The second section of the poem in which Bharti has used an extended image of mango blossom extends the range of emotions to a heightened level of awareness. It consists of the mango blossom song, meaning of mango blossom and an interrogative subsection in the end. The interplay of emotion in the dual forces of nature is sometimes comprehendible and sometimes it is non-comprehendible. A true seeker is in search of the answers to the divine signs. The inability to decode the Infinite's language awakens anxiety .It is verbalized in the extended image of Mango blossom. There are certain subjects, intense and personal which are understood by the heart but language fails to translate such emotions.
In the intense moment of encounter
I become still and breathless
Why you don't understand this my Dark Beloved? (Kanupriya 15)
This section presents virah, accompanied by erotic expression involving restlessness and transcendence simultaneously. It can further be described as vyakulta— a word that connotes anxiety, agitation, distress or bewilderment. Bharti takes a detour through the metaphorical language involving a bodily experience of a self emotionally driven by a perpetually and immitigably absent Beloved. The Mango blossom song sings of this self realization. The awareness of the Being has been an inevitable part of the Infinite since time immemorial. The mystic quest of discovering this one-ness makes this section enchanting:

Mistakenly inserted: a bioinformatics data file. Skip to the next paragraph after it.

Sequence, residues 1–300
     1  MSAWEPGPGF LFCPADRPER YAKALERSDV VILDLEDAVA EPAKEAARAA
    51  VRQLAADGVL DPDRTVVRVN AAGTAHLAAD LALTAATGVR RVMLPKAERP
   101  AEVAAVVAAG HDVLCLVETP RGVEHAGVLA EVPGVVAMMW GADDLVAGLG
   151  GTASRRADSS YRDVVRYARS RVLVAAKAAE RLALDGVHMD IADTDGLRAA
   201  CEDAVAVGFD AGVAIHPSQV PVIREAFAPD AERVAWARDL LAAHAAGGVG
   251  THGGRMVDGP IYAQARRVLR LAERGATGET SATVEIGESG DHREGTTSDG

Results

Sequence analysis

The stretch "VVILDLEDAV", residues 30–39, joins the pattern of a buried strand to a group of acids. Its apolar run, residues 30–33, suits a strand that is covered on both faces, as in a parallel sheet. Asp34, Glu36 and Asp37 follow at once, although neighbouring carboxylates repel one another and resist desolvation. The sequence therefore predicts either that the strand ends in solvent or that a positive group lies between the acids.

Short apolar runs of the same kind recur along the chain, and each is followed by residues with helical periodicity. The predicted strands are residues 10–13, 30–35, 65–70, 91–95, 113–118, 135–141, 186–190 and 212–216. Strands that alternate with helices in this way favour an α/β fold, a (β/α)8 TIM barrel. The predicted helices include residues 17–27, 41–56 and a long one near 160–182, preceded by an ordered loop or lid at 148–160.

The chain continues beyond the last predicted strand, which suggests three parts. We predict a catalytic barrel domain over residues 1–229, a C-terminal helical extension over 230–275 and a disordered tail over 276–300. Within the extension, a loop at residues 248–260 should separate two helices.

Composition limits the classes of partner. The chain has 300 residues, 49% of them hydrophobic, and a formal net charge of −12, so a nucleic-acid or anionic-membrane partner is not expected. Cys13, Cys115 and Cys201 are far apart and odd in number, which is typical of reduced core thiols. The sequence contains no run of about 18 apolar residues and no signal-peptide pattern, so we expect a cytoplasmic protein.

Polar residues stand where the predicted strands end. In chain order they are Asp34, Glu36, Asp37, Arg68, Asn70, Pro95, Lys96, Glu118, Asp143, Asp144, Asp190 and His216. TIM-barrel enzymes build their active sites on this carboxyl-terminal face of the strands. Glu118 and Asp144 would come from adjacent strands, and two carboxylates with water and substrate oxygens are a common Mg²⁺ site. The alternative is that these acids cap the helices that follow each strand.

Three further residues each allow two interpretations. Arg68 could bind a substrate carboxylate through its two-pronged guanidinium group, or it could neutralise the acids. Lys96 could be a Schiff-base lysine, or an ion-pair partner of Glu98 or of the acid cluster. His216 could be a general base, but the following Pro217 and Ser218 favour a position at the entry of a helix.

I am the sole companion in your lila life after lives. (Kanupriya 15)
The vyakulta of not being able to reach at the call of the flute beneath mango blossom is due to many factors which include fear, doubt and melancholy. These mental states are referred as the friends to Kanupriya to surround her so that the meeting time is delayed and postponed. This restlessness in both the seeker and the saught makes waiting more significant. If the Lover waits, the Beloved also waits with the same intensity. Lover can surrender to the two worlds. But, if the union is not accomplished, the lament denotes the helplessness of the Being. In this regard the confession of the protagonist becomes significant in this subsection:
How to narrate,
The moments of deep encounter
Which slip from my hands
Your call that i sometimes am not able to hear
Not able to know the meaning of your meeting
My dark heart blushes at this. (Kanupriya 19)
Kanupriya as a protagonist evolves from the state of utter despair and restlessness to announce the fact that she is a self aware woman. As a woman, she is confident, unwavered and determined to meet eternally because she knows the meaning of self awareness which comes only after the realization of the One-ness. She knows that if she has to seek herself than she has to seek him. A complete dilution is necessary to tread the path. In order to be one she must be able to read the various signals given by the Beloved. Here are present some of the images which delineate the symbolism of intuitive understanding:
Quite often you sent a halpopen lotus
I understood that you have invited me
In the twilight hour
Many times you sent hand full of Jasmine
At once i knew
Your palm remembers me. (Kanupriya 20)